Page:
WASHINGTON — President Joe Biden called off an air strike against a second target in Syria last week after a woman and children were spotted in the area, a senior administration official told NBC News.
Because of the presence of civilians, only one target was bombed in last week's operation, which came in retaliation for recent rocket attacks on U.S. personnel that the Pentagon blamed on Iranian-backed Shiite militia in Iraq, the administration official and a Defense official said.
The president made the decision to cancel the separate air strike after military reconnaissance revealed a woman and two children in the courtyard of the intended target, according to the senior administration official.
The Biden administration sent a private message to Iran following the strike, the administration official said.
The Wall Street Journal first reported on Biden's decision, which came at the last moment before aircraft were due to drop bombs on the second target.
The target that was bombed last week by U.S. warplanes was a logistics waystation in eastern Syria that the Pentagon said was used by Iranian-backed militia. U.S. officials blamed a deadly Feb. 15 rocket attack on a U.S.-led coalition base in Irbil in northern Iraq on the paramilitary groups.
Since the U.S. bombing raid last week, an Iraqi air base northwest of Baghdad that hosts U.S. troops came under rocket attack on Wednesday morning.
The U.S. military believes Iranian-backed militia likely are to blame for Wednesday's rocket attack, three Defense officials told NBC News.
The Pentagon is not yet ready to say definitively who launched rockets at the Ain al-Asad base northwest of Baghdad, but the attack resembled previous assaults carried out by Iraqi Shiite militia armed and supported by Iran, the three officials said.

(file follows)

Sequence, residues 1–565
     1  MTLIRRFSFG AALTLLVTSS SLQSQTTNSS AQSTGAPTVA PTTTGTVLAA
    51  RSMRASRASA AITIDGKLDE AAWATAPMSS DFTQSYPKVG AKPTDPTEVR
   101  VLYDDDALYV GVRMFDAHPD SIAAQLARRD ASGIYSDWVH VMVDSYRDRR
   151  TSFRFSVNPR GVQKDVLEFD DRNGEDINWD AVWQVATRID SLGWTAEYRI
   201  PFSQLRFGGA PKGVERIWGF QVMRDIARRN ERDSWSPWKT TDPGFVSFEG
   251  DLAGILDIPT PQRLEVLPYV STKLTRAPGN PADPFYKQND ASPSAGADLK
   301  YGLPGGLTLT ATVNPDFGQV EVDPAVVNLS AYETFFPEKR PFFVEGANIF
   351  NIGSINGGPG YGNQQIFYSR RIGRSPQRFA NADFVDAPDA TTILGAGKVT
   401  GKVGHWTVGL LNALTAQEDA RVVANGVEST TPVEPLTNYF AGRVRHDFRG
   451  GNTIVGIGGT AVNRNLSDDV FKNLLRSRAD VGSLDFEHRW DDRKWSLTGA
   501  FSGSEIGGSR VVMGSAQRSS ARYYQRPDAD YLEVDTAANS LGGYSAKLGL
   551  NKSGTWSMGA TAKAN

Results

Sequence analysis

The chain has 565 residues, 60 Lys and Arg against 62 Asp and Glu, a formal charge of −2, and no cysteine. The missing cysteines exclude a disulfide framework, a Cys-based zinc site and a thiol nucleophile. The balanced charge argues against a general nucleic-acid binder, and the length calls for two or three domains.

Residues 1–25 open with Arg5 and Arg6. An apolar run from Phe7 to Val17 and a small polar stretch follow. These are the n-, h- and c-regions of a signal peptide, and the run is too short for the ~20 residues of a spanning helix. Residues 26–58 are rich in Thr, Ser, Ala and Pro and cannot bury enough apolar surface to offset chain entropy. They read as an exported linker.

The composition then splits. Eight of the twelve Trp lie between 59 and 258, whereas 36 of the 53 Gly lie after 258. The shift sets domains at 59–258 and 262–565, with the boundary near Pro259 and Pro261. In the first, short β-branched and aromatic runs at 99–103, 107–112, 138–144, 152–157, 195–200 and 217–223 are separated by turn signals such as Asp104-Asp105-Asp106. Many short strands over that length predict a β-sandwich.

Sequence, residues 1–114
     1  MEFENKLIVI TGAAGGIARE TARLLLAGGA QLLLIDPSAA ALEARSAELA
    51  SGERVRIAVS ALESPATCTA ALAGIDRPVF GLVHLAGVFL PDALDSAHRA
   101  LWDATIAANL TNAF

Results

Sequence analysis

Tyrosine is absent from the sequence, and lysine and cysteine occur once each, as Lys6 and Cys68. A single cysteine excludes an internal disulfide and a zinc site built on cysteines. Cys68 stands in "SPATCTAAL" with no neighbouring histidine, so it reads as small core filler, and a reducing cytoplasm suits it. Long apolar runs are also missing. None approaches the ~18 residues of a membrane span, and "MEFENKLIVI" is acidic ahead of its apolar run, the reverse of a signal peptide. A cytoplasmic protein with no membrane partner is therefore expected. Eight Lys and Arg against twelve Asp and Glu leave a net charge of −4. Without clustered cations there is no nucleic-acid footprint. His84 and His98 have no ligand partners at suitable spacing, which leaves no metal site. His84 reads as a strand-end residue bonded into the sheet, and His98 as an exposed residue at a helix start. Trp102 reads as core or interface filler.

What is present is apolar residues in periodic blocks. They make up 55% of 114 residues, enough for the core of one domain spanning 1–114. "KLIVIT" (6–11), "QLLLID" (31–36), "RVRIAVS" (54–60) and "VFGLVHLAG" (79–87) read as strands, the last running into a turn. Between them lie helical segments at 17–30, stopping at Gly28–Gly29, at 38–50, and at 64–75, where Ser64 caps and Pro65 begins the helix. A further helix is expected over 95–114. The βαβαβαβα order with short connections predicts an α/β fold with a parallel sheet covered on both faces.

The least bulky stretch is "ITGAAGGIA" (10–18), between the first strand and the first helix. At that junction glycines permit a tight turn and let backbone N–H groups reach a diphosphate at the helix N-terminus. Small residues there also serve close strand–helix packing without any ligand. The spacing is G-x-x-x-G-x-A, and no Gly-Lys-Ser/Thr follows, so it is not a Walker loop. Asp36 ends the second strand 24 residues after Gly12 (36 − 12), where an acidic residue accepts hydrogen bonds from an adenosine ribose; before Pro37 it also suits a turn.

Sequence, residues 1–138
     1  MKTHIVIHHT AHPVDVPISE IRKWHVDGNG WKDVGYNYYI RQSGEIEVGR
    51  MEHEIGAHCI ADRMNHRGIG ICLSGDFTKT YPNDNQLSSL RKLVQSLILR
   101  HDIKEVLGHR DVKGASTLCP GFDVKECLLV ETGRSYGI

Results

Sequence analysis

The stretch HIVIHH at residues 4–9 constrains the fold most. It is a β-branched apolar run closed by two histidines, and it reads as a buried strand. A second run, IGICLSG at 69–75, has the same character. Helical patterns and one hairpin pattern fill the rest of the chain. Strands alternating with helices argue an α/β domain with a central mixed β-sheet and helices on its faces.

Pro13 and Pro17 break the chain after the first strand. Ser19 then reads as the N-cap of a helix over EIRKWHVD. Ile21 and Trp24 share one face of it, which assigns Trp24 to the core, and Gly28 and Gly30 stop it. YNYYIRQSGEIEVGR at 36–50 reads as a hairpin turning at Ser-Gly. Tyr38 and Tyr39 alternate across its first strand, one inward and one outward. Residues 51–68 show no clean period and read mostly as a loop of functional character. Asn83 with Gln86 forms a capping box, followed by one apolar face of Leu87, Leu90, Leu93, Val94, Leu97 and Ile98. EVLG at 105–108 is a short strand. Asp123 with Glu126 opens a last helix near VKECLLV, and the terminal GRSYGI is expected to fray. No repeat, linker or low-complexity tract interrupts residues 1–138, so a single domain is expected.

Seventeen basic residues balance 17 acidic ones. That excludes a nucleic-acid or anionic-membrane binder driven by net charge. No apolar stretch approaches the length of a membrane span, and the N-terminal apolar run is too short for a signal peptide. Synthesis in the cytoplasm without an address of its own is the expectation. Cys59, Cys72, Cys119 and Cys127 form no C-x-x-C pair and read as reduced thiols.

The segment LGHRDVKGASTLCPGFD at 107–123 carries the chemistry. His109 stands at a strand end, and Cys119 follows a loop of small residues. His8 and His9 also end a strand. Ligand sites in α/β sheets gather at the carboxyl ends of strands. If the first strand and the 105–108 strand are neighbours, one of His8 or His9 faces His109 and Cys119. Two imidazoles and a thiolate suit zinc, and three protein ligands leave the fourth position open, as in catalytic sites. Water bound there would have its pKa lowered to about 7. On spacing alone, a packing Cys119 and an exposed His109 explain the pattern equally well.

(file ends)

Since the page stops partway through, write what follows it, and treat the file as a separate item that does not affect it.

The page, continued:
The base was hit by 10 medium-range 122mm rockets, which were fired from a truck to the east, the officials said. The Feb. 15 attack at a U.S.-led coalition base in Irbil in northern Iraq featured shorter-range 107mm rockets.
A civilian contractor at the al-Asad base suffered a cardiac arrest while taking shelter from the rocket attack and later died, according to the Pentagon. The vast base is home to about 1,400 coalition troops.
The Pentagon said that a counter-rocket system at the base intercepted some of the incoming rockets in Wednesday’s attack.
“We assess that C-RAM effectively engaged four of the ten rockets that impacted the base. None of the rockets made direct hits on any structure or vehicle. There was some minor shrapnel damage that will not have any impact on operations at Al Asad,” Pentagon spokesperson Commander Jessica McNulty told NBC News.
Pentagon press secretary John Kirby told reporters on Wednesday that the U.S. was waiting on the results of an investigation into the attack by Iraqi authorities. The United States reserved the right to respond if necessary, Kirby said, but he added that "nobody wants to see this situation escalate."
Along with the recent rocket attacks on facilities that host U.S. personnel, militia groups have stepped up roadside bomb attacks on private contractor convoys that supply various bases in the country, according to Michael Knights of the Washington Institute for Near East policy, who has studied the militia groups' activities. The convoys are escorted by Iraqi security forces.
Amid tensions between the United States and the Iranian-armed militias, Pope Francis is due to make a landmark visit to the country starting on Friday.
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